While the previous management structure of AZT tried to adapt to different influences such as technological, economic, political, legal and labor developments, they were not capable of changing their basic value systems. This value crisis created a frustrating experience for the people involved with the business and it became necessary for the business to undergo reorganization. With the new management in place the process of change was subjected to three basic components, namely the status quo or current situation, the transition phase and the expected future situation. The first phase involves the unfreezing of the business to enable it to see the need for change, because it must be accepted that change cannot simply be introduced without preparing the people involved. The unfreezing phase is then followed by the transition phase during which new processes are implemented. The third phase of the process is the refreezing phase which has the purpose of supporting the implemented policies.
A b) The manager is required to negotiate a solution to the problem that has occurred with the employees.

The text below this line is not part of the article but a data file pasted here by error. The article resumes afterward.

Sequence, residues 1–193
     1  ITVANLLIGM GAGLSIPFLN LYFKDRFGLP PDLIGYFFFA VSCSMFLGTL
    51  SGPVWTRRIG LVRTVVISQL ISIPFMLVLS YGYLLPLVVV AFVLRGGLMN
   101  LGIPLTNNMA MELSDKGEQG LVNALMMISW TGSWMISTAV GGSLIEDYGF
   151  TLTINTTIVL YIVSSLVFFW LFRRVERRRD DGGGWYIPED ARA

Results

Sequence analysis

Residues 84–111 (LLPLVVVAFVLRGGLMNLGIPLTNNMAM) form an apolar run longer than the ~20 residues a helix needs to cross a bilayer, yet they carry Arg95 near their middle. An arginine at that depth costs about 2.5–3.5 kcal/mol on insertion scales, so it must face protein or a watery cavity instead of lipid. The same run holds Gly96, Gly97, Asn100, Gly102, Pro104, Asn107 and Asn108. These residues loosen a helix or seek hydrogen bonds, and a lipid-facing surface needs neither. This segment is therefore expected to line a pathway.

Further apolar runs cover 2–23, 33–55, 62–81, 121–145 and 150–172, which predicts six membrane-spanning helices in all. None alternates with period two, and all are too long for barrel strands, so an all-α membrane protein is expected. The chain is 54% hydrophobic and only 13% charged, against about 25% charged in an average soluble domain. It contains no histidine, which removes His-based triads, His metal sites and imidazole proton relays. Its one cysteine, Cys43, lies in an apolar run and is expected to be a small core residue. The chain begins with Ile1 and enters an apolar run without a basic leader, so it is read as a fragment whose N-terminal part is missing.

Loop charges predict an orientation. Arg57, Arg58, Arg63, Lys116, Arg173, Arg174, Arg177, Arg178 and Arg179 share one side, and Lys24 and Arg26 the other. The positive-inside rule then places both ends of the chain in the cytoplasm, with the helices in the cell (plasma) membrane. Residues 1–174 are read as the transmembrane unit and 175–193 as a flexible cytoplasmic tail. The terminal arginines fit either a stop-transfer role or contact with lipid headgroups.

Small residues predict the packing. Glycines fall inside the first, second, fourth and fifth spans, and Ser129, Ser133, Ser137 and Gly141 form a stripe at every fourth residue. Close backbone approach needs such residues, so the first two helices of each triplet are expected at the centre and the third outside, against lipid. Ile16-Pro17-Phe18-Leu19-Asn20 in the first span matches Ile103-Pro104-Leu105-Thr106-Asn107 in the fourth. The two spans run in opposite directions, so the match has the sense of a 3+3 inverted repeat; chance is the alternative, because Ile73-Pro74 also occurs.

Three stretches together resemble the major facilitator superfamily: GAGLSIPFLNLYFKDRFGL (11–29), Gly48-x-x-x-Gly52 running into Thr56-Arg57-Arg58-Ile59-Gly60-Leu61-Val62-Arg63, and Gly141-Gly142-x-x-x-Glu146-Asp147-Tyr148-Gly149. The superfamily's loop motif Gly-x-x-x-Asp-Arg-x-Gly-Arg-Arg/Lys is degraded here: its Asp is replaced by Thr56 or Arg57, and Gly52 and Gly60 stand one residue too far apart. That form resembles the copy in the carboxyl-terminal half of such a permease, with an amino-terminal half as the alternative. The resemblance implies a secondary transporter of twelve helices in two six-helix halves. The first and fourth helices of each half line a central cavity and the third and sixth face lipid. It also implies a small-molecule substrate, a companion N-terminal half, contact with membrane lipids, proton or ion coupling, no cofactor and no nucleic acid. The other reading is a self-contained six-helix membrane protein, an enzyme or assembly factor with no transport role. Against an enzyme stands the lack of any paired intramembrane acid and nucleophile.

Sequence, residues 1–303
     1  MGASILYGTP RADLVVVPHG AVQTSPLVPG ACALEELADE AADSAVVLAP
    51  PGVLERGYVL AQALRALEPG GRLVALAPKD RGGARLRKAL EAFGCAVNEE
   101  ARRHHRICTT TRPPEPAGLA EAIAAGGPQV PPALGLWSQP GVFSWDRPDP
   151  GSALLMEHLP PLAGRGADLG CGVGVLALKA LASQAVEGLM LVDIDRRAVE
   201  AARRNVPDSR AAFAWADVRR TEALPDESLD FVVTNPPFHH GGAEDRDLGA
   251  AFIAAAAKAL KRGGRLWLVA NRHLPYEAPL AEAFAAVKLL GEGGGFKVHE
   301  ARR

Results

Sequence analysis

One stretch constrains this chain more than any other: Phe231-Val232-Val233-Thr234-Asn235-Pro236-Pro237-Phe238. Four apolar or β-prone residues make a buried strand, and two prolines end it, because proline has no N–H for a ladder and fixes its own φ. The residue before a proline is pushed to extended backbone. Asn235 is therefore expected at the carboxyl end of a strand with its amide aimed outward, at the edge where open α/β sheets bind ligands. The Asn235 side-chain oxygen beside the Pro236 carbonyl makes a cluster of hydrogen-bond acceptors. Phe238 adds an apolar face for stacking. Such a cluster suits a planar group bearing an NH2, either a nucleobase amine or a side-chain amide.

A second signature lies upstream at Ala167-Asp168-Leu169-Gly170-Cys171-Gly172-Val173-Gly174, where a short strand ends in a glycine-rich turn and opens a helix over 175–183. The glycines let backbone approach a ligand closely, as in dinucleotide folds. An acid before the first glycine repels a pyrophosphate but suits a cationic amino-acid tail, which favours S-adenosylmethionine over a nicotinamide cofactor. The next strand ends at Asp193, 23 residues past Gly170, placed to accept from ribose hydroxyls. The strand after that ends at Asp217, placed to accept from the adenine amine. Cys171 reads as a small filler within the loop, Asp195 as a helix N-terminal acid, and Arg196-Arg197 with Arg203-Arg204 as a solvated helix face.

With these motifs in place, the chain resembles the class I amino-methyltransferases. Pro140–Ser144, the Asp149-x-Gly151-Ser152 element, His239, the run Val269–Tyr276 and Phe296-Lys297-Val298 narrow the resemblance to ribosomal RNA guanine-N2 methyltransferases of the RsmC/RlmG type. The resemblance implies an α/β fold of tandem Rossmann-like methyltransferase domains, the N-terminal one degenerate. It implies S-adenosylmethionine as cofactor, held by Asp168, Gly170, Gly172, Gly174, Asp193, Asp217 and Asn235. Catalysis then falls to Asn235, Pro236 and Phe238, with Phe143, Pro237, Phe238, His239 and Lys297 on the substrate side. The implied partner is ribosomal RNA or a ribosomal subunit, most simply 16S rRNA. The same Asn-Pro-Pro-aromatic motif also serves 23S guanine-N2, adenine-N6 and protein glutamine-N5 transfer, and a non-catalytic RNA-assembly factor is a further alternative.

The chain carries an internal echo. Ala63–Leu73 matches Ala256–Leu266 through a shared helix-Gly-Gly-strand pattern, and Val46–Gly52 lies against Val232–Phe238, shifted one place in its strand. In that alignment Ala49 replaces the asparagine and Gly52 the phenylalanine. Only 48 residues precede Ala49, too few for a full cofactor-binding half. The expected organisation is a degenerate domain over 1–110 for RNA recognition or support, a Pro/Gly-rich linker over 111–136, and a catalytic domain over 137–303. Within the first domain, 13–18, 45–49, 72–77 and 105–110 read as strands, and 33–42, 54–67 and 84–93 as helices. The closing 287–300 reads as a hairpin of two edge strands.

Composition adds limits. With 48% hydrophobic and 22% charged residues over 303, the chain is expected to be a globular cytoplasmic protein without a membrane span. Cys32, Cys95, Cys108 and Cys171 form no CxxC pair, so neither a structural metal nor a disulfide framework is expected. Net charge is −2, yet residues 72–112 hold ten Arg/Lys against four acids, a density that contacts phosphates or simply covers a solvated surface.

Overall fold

It is important that the Manager adopt a collaborative managerial approach when communicating with the disgruntled employees. By inviting their opinions and grievances they are given a fair chance to air their views and co-operate with management to arrive at a solution that is satisfactory to both the business and the workers. Management may introduce a new incentive program that offers a reward-system that ensures that personnel perks remain unaffected. It is important that management and staff agree that the future prosperity of the business depends on a positive give and take relationship. The new collaborative relationship between management and staff is beneficial to the implementation of new strategies, which include co-opting, providing information, training programs, encouragement, recognition and monetary rewards.